TALLAHASSEE, Fla. – Native American teenagers living in Florida have an opportunity to learn while enjoying outstanding recreational, cultural and social activities during a free summer camp in Tallahassee next month. American Indians, Alaskan Natives and Native Hawaiians are all considered to be Native Americans and eligible for the program.

The Florida Indian Youth Program is an intensive, away-from-home educational experience provided for up to 60 Native American youths each year by the Florida Governor’s Council on Indian Affairs, Inc. (FGCIA), a Florida non-profit corporation.

This year’s 34thannual program, scheduled for July 12-26, will focus on STEM education – that is, science, technology, engineering and math – with a special emphasis on robotics. Participants also will attend hands-on, highly interactive classes on Tribal government, computer training, writing skills, art and more.
But, the program isn’t just about learning; it’s also about experiencing life, having summer fun and building social skills.

“Our students will enjoy enriching and stimulating classes during the day,” said FGCIA Employment and Training Director Bob Kellam. “But, evenings and on the weekends, it’s all about fun and adventure.”  That will include zip-lining at the Tallahassee Museum, canoeing on the lake at the Florida State University Reservation and exploring Blue Springs in nearby Jackson County, as well as skating, bowling, swimming, going to the movies and playing Bingo.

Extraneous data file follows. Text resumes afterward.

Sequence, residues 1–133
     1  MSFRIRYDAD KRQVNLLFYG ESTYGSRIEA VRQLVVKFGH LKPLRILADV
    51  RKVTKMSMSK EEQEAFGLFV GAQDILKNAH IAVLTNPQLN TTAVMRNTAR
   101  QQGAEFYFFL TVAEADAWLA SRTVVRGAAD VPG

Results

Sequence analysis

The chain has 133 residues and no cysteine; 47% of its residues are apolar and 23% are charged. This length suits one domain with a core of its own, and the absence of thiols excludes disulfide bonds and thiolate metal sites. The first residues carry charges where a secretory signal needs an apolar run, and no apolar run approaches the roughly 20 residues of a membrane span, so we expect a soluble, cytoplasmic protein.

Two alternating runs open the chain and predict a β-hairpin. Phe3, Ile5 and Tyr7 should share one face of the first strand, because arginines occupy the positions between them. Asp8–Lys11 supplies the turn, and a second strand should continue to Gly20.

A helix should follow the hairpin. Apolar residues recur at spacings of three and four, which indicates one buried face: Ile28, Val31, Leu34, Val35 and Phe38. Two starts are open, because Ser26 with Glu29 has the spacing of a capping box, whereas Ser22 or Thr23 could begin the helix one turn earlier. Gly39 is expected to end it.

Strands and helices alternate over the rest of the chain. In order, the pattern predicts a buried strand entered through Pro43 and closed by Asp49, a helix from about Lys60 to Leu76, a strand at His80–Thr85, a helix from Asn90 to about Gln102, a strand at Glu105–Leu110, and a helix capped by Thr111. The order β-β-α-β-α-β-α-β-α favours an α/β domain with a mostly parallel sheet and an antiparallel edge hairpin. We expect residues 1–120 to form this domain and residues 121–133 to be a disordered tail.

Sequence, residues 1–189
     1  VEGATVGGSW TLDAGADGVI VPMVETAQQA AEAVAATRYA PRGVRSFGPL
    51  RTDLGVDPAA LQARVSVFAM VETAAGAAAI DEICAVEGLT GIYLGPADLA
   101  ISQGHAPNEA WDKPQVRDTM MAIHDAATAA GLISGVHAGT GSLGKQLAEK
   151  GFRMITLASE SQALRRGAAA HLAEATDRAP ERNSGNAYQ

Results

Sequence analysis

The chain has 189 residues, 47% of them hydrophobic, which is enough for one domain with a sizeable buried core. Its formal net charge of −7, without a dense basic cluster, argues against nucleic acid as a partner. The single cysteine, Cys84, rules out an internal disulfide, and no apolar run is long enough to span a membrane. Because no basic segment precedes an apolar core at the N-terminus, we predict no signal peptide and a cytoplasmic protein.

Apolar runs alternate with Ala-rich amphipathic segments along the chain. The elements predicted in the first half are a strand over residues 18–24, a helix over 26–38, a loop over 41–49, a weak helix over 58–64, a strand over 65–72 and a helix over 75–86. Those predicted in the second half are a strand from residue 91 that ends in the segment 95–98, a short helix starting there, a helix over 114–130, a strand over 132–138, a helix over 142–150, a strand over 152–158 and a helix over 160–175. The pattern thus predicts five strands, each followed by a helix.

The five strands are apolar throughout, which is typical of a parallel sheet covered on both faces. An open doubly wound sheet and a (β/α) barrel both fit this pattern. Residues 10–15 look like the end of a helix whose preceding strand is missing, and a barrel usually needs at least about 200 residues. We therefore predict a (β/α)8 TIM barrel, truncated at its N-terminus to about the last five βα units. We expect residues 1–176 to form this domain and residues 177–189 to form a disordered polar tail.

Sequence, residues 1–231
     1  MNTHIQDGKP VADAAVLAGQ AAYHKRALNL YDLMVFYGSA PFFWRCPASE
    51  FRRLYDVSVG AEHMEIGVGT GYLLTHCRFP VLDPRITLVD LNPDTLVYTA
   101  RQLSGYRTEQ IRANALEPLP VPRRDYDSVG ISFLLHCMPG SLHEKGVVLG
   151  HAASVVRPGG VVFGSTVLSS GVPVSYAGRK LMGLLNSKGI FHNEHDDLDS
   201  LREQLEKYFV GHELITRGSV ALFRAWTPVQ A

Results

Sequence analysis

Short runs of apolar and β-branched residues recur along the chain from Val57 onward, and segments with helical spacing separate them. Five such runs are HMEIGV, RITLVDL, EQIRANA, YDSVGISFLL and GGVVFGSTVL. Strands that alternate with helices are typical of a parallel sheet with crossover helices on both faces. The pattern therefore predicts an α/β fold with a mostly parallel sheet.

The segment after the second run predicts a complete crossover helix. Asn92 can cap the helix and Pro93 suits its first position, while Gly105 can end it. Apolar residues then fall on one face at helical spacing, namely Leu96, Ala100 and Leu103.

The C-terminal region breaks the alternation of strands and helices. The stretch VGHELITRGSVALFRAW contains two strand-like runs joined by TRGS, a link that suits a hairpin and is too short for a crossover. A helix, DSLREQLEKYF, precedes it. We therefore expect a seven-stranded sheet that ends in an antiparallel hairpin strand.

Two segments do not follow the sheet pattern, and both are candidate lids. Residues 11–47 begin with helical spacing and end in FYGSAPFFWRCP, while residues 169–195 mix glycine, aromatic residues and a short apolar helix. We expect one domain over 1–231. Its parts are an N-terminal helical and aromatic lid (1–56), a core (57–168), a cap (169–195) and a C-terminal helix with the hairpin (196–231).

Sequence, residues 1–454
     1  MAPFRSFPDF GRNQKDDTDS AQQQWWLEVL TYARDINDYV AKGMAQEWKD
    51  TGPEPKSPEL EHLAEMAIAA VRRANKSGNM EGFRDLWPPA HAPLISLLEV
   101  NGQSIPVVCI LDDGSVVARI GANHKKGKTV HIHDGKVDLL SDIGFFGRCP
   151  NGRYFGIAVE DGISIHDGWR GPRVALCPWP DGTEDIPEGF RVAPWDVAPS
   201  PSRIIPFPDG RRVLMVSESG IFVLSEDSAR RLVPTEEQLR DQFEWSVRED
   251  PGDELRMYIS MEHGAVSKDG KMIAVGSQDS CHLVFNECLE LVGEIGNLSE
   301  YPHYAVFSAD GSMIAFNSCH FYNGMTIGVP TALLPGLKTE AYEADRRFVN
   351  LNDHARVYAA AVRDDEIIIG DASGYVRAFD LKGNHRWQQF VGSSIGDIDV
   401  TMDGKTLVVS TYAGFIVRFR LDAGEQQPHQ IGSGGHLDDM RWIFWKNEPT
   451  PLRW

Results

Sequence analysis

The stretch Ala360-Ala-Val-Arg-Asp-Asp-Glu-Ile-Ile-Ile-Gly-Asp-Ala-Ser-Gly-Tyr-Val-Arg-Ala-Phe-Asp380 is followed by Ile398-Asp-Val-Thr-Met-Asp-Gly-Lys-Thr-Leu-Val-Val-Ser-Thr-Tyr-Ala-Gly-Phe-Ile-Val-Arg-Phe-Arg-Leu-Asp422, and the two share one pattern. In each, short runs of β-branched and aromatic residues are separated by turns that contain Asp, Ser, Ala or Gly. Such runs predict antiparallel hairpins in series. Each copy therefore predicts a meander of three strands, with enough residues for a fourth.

The Florida Indian Youth Program is open to  Native American teens aged 14-19, including members of the Seminole, Miccosukee and Creek tribes, as well as children and grandchildren who are descendants of Tribal citizens – even if the young people themselves are not members of a tribe.

In addition, teens who are high school seniors or graduates are eligible for the FGCIA Leadership Academy, which takes place at the same time as the Youth Program and helps prepare participants for college, enhances writing skills, provides computer training and gives insight to college life with visits to FSU, Florida A&M University, Tallahassee Community College and Lively Technology Center, one of the top vocational training centers in the state.

“The idea behind the Leadership Academy is to address any academic deficiencies, get kids ready for college and, most importantly, get them interested in going to college, other  postsecondary education options or the military.” said Kellam.

All costs for the Florida Indian Youth Program and the Leadership Academy, including transportation, are paid for by FGCIA. Classes are held in the Tallahassee-Leon County Civic Center. Students are housed at the Southgate residence hall adjacent to FSU’s campus.

There also are sponsorship and underwriting opportunities available for corporations and foundations with an interest in supporting educational programs for Native American youth.

The deadline to apply has been extended to Friday, June 20.  For more information on participating in the program – as well as sponsoring or underwriting – call 1-800-322-9186, email info@fgcia.com or download an application at www.fgcia.com.